Monday, 12 October 2009

The Joys of Yiddish by Leo Rosten

Rosten describes his book on language as a relaxed lexicon of Yiddish, Hebrew and Yinglish words often encountered in English, plus dozens that ought to be... An entertaining foray into Jewish culture, it’s filled with jokes, anecdotes and wit; a perfect book for bedside reading.

This is however a blog on booze, not linguistics, so I’m only quoting from one entry in the book: shikker.

1. A drunk. ‘He’s a shikker.’
2. (Adjective) Drunk. ‘She got a wee bit shikker.’

Rosten points out that in Jewish folklore and literature the souse is almost unknown but he does go on to say that the goodness of wine is frequently mentioned in the bible.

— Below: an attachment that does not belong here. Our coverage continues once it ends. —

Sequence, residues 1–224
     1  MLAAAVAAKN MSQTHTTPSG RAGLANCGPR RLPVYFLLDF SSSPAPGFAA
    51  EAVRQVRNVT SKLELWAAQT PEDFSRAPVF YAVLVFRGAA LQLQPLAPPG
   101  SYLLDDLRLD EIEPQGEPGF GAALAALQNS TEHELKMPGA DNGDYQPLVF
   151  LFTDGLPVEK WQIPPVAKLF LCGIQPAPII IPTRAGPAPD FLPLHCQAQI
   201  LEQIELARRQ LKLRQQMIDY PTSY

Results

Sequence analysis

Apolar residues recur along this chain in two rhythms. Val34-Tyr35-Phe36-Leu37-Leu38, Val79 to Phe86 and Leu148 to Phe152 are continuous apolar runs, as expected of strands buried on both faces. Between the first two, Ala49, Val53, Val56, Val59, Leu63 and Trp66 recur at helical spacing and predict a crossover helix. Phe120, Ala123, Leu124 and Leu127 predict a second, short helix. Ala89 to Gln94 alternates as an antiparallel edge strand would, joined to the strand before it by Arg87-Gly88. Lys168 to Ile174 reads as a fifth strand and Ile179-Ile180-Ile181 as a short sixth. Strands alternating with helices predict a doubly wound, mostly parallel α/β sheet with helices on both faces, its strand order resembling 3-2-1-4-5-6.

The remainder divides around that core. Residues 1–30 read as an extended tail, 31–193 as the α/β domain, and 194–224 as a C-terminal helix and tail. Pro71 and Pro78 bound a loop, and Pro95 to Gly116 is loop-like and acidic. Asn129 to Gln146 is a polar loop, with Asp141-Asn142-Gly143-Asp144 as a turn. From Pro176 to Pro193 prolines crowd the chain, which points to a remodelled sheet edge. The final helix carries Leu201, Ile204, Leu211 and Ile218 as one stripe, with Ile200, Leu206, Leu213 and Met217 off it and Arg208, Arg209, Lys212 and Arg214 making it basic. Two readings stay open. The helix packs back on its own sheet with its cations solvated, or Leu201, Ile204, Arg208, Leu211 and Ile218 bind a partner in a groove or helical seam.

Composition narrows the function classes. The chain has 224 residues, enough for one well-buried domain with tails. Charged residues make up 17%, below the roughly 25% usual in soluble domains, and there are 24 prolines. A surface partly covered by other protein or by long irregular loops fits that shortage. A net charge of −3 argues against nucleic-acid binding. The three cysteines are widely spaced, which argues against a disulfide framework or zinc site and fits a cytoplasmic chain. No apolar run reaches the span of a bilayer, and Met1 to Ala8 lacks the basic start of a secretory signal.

The rabbis also believed that wine possessed splendid curative properties: ‘Wine is the greatest of all medicines.’ ‘Where wine is lacking, drugs are necessary,’ Rabbi Huna said. “Wine helps to open the heart to reasoning.’

I’ll drink to that. Although Rosten then quotes an old saw:

When one man tells you you’re shikker, hesitate; when two tell you, slow up; when three men tell you – lie down!

I’ll leave with the obligatory joke at the end:

In the lounge of a Catskill resort, an hour before the dinner hour, Mrs Meckler asked Mrs Smelkin, ‘How about a cocktail before dinner?’ ‘No, thanks. I never drink.’ ‘No, why not?’ ‘Well in front of my children, I don’t believe in taking a drink. And when I’m away from my children, who needs it?’

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